Gang Intervention and Prevention

“We need to come in here and solve this problem, not attack this problem.”

—Minister Tony Mohammed, gang intervention specialist
Jim Brown, wearing a red shirt and smiling
Jim Brown, founder of Amer-I-Can
Photo: Tanya Sakolsky

A young boy in white T-shirt, holding up three fingers
Child in South Central
Photo: Bryan Wiley

A man wearing a black cap and T-shirt, holding up three paper pamphlets
Naji (gang interventionist)
Photo: Bryan Wiley

Three men wearing caps, baggy T-shirts and pants, walking down a sidewalk
Former Grape Street Watts Crips
Photo: Bryan Wiley

A man in a red T-shirt holding a red bandana with his tattooed arms crossed across his chest
Fruit Town Piru (Bloods) tattoos
Photo: Bryan Wiley

In South Los Angeles, many community-based programs are actively working on gang reduction and intervention. These programs, often run by members of the community, make the necessary links between gang membership and societal factors, such as poverty, high unemployment rates, family dysfunction, racism and a lack of positive role models and educational opportunities, using a variety of strategies to address these underlying causes.

In the Schools and After School

Many organizations offer a combination of prevention and intervention, centering their efforts on reaching youth. Based in the Los Angeles neighborhood of Watts, Kush has been working to curb gang violence since 1999. Its employees are all former or current neighborhood residents who provide positive role models and an alternative to gang membership. Kush offers a gang intervention program that teaches life skills to gang members and young gang-affiliated parolees. Kush’s gang prevention workshops, “Kush Rites,” are tailored to local students and include a mentoring service.

The Venice 2000/H.E.L.P.E.R. organization has a slate of programs, including the Safe Passage program for middle school students and Venice High Safe Passage for students entering and leaving high school. Its Amer-I-Can program teaches self-determination and self-improvement skills. Founded by personal safety and conflict abatement instructor Aquil Basheer, who is featured in CRIPS AND BLOODS, Maximum Force provides gang intervention education to students and community workers, teaching high-risk youth the skills to act without violence in crisis situations.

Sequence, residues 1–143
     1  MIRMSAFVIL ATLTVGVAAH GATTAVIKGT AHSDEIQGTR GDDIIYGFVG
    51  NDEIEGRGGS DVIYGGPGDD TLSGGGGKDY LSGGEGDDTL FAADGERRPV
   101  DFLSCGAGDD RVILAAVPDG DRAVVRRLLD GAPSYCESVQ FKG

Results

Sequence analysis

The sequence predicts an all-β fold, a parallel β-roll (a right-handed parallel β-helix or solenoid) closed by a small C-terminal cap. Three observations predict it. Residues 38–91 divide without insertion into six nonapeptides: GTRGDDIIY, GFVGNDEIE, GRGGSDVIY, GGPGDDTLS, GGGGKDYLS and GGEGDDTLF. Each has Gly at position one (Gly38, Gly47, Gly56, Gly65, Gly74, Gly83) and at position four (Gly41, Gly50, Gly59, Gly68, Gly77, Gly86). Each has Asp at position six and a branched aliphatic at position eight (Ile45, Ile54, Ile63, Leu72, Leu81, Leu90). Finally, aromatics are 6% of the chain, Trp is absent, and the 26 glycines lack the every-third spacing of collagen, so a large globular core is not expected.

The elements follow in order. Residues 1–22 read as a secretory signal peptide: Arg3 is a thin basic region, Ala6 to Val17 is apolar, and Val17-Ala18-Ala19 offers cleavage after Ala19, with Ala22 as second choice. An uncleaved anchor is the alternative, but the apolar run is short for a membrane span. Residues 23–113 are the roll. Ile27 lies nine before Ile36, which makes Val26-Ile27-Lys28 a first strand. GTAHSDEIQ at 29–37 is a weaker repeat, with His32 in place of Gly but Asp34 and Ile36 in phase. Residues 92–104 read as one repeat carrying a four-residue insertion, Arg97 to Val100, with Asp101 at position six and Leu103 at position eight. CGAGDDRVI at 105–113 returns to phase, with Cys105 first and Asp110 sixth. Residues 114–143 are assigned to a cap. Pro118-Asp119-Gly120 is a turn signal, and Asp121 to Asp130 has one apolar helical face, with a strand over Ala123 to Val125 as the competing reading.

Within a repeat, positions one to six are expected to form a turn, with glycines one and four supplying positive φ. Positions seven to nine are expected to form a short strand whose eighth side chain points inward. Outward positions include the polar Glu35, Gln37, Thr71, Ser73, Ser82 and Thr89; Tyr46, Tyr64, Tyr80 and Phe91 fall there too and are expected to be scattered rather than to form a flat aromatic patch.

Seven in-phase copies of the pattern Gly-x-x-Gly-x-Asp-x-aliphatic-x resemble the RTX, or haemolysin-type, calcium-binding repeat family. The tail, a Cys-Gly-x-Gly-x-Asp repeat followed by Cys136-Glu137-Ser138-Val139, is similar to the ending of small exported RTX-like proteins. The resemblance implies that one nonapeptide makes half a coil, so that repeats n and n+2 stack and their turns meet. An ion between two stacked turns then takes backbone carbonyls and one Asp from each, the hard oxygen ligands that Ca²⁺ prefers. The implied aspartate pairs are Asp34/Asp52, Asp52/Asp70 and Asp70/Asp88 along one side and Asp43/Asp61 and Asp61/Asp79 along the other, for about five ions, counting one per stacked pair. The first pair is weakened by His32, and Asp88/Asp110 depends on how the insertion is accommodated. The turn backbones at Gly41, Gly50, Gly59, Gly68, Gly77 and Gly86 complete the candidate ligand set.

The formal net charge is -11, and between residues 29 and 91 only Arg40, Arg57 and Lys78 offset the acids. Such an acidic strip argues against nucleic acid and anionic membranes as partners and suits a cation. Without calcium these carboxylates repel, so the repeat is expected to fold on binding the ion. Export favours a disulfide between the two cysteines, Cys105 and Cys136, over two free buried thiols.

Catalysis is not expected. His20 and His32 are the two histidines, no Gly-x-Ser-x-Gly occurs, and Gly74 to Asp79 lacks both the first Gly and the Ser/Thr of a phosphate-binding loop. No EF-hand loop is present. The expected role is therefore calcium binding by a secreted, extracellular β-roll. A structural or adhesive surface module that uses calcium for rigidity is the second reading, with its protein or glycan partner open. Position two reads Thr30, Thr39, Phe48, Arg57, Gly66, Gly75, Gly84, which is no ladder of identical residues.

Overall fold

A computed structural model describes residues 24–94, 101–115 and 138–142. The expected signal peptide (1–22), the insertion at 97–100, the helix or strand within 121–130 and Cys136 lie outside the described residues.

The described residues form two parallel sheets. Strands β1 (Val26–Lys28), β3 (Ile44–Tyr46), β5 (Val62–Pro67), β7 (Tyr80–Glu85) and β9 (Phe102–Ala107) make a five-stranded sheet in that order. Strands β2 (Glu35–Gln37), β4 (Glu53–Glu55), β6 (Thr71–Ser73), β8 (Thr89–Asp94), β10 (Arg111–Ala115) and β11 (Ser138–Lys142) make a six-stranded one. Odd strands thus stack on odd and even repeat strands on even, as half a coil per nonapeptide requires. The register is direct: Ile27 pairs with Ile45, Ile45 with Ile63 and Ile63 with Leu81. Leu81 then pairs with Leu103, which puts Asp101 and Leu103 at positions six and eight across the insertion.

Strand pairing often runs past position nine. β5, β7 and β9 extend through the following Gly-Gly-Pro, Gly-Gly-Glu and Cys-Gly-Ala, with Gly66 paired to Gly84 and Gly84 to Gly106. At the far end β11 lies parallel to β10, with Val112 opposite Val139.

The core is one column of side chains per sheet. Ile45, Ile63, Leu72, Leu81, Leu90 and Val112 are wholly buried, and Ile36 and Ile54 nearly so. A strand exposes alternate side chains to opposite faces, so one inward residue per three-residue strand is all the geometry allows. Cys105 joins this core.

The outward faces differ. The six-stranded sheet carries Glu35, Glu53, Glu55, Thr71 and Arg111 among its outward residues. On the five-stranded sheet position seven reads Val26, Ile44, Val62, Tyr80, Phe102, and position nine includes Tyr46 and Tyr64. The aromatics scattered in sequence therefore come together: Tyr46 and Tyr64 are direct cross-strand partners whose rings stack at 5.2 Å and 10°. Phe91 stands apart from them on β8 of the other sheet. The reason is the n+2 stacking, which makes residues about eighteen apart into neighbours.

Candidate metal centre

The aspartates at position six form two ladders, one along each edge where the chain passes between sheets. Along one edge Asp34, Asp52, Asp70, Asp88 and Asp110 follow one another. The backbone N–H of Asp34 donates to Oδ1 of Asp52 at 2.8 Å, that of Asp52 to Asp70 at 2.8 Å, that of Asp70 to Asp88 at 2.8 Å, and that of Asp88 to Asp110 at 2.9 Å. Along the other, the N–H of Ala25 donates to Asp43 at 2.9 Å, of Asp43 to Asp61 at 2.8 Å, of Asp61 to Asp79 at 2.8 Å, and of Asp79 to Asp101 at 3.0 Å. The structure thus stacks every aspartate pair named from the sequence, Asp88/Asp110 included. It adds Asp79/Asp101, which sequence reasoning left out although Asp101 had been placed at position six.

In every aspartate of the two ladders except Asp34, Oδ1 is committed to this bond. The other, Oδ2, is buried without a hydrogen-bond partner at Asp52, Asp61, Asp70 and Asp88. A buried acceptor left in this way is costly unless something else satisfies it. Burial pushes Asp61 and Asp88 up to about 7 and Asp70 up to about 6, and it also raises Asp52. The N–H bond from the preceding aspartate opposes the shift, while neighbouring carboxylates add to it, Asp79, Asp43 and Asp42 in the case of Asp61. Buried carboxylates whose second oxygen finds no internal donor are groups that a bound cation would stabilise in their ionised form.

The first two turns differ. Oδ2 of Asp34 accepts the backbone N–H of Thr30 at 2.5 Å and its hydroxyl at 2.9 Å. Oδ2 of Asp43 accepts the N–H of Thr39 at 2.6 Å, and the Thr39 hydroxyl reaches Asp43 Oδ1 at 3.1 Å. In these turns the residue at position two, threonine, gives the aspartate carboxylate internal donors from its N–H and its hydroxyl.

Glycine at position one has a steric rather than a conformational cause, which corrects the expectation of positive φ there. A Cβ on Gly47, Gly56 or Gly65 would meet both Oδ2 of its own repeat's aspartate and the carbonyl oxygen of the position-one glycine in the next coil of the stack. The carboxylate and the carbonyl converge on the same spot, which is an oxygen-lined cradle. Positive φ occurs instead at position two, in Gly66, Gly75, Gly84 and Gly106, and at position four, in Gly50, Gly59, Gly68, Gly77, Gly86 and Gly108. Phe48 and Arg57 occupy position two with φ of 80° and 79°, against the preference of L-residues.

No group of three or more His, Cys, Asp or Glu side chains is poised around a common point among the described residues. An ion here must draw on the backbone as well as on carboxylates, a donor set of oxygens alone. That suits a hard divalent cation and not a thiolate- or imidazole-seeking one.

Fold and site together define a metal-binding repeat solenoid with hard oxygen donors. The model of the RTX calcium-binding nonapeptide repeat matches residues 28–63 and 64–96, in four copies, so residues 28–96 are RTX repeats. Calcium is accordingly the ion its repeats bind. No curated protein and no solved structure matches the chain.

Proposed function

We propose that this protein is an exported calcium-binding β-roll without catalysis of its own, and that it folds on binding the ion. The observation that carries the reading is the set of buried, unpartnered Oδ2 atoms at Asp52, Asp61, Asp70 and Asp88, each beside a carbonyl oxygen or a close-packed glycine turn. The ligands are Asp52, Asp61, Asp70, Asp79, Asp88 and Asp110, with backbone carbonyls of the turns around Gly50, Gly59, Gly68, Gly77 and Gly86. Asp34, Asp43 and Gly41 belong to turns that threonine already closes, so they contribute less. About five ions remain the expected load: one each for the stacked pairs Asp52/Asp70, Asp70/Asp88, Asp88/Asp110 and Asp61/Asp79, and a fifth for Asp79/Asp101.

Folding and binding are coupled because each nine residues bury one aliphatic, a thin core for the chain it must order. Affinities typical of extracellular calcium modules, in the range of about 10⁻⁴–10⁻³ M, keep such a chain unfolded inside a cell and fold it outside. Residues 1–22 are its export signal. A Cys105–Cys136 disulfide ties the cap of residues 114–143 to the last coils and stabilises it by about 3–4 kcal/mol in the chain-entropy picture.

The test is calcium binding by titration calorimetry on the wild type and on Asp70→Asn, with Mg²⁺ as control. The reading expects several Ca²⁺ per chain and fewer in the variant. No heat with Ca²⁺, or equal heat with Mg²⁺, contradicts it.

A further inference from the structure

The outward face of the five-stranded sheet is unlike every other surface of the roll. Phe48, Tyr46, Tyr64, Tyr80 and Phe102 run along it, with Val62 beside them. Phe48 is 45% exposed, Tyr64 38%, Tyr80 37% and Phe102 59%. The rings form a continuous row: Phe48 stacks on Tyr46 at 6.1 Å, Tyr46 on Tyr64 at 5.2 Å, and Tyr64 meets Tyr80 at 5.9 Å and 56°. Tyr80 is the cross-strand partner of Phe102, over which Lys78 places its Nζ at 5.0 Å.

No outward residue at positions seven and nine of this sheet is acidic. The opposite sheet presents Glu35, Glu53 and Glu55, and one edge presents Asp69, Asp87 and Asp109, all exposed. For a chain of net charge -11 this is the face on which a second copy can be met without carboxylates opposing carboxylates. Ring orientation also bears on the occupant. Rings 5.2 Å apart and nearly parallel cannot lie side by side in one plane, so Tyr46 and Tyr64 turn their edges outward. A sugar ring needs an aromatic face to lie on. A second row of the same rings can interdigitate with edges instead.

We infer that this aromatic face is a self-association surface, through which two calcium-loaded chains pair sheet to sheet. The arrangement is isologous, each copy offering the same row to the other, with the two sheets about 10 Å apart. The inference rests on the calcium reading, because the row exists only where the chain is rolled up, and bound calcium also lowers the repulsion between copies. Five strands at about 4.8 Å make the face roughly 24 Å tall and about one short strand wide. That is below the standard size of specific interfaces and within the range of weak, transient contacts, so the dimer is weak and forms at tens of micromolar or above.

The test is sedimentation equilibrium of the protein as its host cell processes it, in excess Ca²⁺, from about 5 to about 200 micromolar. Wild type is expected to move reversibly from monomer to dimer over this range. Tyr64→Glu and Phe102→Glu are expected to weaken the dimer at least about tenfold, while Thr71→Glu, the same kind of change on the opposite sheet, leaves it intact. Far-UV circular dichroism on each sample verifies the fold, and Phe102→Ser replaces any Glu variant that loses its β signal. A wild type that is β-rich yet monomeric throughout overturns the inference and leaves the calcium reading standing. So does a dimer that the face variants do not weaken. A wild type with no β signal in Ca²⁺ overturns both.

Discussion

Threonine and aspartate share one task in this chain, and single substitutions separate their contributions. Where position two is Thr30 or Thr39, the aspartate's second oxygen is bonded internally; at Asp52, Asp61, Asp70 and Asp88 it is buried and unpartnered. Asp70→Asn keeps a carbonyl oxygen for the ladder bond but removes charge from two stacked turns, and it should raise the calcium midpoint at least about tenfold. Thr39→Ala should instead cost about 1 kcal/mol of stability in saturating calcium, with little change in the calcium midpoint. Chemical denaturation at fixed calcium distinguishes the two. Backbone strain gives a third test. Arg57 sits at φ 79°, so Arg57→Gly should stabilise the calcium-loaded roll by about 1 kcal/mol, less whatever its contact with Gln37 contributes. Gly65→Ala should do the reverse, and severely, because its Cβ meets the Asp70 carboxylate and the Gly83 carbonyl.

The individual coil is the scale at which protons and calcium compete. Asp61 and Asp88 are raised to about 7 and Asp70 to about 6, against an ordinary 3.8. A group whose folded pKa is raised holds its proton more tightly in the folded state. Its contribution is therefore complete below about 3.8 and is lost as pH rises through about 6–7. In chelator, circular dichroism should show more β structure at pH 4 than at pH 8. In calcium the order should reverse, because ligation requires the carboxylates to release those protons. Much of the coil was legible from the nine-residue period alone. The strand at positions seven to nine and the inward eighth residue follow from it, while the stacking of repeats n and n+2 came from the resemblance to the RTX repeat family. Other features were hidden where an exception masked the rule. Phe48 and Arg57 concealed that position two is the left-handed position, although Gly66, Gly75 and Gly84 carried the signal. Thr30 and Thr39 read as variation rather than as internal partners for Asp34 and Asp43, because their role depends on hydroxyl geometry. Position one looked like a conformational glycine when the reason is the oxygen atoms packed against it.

Community-Based Grassroots Outreach

Unity One, Unity T.W.O. and Unity Three are part of a grassroots network of community-based organizations that work in various L.A. neighborhoods towards gang prevention and intervention, often working at the street level to decrease gang violence and sustain gang ceasefire agreements. Former gang member Bo Taylor, also featured in CRIPS AND BLOODS, founded the organization in the aftermath of the 1992 uprising. Unity One first reaches at-risk individuals through crisis intervention techniques, then teaches decision-making and life management skills to students, community members and detention center inmates.

Aqueela Sherrills, a gang intervention consultant with the Urban Leadership Institute, was raised in the Jordan Downs housing project and has been instrumental in establishing the Community Self-Determination Institute, a Watts-based social-profit agency that has helped sustain peace settlement between gang factions, and the Reverence Movement, a peace-based consulting company.

Advocates 4 Peace & Urban Unity (APUU) focuses on self empowerment and self sufficiency for local youth through community-based outreach and after-school activities. Members are associated with organizations like Venice 2000 and Maximum Force. Compton-based Project Cry No More, whose director Vicky Lindsey was featured in CRIPS AND BLOODS, provides crucial emotional and informational support to families and loved ones of homicide victims. The organization holds bi-monthly support meetings and monthly mothers’ potlucks.

Working with Law Enforcement

Former gang member Skipp Townsend founded 2nd Call to re-educate youth, facilitating life management skills training in L.A. high schools. Townsend has also helped train Los Angeles police and fire department members in gang intervention.

Central Recovery and Development Project (CRDP) is a nonprofit, anti-crime organization founded in 1991. In addition to the CRDP’s gang intervention and mediation programs, the organization partnered with local church members to organize the “Stop the Killin’” campaign in 2002, staging community actions at the sites of gang-related homicides in South L.A. CRDP has organized events, such as peace march vigils, in conjunction with the Los Angeles Police Department.

Tattoo Removal

CleanSlate is one of several organizations, including Homies Unidos, offering tattoo removal services on an affordable sliding scale for former gang members who participate in one of its workshops. Removing a visible gang tattoo can be considered a physical reflection of “starting a new life.” Homies Unidos is part of a network of organizations focusing on gang intervention among Latino youth. The organization began working in L.A. in 1997, and also has roots in anti-violence work in El Salvador.

Funding Services

University of Southern California football coach Pete Carroll founded A Better LA, which sponsors such activities as Moonlight Basketball, a basketball league featuring players from a range of South L.A. neighborhoods. Although A Better LA was not founded by South L.A. community members, it funds efforts towards community building—the idea for the league was proposed by the organization Unity One.

Learn about the people featured in the film >>

Explore a timeline and interactive map of South Central Los Angeles >>


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